• How do I get started?

    To obtain GCP training, please visit www.CITICANADA.org. There are 12 modules to complete. The Medical Device module is not required if you do not conduct medical device studies. Each module takes approximately 15 minutes. You may log in and out of the program as many times as you like to complete the required components.

  • How often is GCP Certification Training required - e.g., annually?

    HHS, SJHH and McMaster encourage individuals who have completed prior GCP Training (more than 3 years) to update their training through the CITI Canada -online GCP Training that is available at no cost. At this time, there is no mandate requiring individuals to refresh/update previously completed GCP training; however, HHS, SJHH, and McMaster strongly recommend individuals consider upgrading their GCP training every 3 years, inline with other professional training requirements.

  • How do I get my certificate upon completing the Canada CITI GCP-online Certification Training?

    Upon completion of the program, individuals will be prompted to print a Canada GCP Curriculum Completion Report (Word file) at no cost. The completion number along with a list detailing each module covered and associated scores is included on this report.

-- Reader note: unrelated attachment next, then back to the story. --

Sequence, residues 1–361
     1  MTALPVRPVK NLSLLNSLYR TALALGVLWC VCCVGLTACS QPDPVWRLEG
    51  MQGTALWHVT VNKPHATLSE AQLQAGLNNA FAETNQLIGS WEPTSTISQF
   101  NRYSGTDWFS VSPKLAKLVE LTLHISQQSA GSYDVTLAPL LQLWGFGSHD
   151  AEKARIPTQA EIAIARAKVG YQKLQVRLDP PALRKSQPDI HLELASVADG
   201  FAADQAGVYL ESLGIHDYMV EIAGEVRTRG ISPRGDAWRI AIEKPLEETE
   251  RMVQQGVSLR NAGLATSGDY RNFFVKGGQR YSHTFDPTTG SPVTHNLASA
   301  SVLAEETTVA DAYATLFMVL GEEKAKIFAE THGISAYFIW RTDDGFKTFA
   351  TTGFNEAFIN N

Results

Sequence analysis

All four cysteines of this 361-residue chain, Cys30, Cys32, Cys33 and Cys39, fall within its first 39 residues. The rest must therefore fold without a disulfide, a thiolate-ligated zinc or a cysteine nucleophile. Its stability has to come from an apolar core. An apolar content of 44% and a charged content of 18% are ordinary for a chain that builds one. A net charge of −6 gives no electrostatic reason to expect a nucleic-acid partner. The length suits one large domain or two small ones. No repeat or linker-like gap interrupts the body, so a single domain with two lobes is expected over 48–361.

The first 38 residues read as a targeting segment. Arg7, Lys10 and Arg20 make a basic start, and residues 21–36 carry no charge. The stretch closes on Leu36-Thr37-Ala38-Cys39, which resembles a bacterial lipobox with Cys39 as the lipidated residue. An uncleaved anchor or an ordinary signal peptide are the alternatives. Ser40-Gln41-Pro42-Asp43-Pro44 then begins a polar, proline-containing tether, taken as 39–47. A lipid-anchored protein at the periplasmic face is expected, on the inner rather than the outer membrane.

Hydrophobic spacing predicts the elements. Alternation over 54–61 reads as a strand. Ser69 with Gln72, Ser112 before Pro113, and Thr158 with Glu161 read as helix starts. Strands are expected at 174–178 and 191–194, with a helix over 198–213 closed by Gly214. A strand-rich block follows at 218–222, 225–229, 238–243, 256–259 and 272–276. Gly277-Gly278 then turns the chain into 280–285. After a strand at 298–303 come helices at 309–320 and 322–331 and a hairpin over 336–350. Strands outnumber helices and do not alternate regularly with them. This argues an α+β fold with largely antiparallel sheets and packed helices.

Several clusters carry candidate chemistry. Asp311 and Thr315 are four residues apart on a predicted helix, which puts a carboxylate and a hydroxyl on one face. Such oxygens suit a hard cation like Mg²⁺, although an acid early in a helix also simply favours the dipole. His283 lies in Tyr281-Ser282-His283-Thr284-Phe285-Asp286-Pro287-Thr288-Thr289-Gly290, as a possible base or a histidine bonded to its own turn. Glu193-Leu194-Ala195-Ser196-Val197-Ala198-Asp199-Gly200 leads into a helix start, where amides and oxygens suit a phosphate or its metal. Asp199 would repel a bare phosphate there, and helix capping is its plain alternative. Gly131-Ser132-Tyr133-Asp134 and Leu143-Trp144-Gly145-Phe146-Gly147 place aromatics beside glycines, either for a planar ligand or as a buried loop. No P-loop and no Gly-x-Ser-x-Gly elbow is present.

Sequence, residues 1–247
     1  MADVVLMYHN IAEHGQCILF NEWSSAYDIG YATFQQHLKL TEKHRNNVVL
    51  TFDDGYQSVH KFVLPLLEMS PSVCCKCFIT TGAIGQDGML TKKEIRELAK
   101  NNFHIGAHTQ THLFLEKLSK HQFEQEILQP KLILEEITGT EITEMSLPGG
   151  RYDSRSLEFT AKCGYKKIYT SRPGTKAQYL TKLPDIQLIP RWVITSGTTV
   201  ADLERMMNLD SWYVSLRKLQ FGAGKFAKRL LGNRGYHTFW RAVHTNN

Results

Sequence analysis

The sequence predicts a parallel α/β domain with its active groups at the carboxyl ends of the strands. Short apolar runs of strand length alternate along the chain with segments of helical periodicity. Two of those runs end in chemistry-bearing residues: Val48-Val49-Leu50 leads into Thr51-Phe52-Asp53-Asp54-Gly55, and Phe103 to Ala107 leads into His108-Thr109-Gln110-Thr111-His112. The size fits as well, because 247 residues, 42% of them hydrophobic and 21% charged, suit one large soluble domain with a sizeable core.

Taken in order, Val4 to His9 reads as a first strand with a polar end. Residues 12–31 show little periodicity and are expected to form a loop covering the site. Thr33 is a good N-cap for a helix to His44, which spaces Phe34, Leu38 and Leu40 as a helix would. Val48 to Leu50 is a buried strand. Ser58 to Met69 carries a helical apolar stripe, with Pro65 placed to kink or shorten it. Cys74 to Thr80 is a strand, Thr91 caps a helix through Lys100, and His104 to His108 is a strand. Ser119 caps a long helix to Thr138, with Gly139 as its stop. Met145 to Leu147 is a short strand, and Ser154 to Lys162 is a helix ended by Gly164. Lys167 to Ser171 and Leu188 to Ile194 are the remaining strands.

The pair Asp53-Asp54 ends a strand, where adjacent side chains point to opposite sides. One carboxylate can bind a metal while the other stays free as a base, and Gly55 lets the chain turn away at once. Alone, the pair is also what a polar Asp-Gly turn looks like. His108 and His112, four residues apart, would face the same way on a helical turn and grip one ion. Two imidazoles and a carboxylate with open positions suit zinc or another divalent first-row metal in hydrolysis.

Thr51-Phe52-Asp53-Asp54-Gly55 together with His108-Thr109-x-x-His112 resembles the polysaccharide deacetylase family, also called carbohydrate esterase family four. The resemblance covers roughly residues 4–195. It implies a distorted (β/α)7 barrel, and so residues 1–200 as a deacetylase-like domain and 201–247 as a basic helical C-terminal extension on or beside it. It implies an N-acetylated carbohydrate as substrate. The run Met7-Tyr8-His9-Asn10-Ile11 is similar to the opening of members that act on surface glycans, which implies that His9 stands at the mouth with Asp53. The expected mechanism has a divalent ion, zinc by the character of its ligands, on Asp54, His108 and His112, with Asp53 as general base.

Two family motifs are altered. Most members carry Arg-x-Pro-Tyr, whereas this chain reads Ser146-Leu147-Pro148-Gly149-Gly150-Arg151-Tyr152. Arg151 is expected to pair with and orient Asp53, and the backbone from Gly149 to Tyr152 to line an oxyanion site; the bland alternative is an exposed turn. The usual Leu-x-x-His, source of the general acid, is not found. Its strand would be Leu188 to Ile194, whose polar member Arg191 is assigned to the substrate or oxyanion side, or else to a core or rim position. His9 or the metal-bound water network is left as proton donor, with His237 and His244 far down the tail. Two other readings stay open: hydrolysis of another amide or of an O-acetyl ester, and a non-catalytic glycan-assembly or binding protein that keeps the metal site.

• How much does the Canada CITI GCP-online certification training cost?

    Hamilton Health Sciences is providing GCP Training through its membership in the Network of Networks (N2), which is a Canadian alliance of research hospitals, universities and other research organizations. N2 investigated GCP training courses and tools internationally and selected a US-based CITI GCP online training system. That system was Canadianized with funding support from CIHR and a Canadian Regulatory consultant. This system is being adopted widely across Canada by N2's 200+ member organizations. It is provided to you at no cost.

  • Is there a reimbursement pool for the time we are asking investigators and research personnel to invest in completing the Canada CITI GCP-online certification training?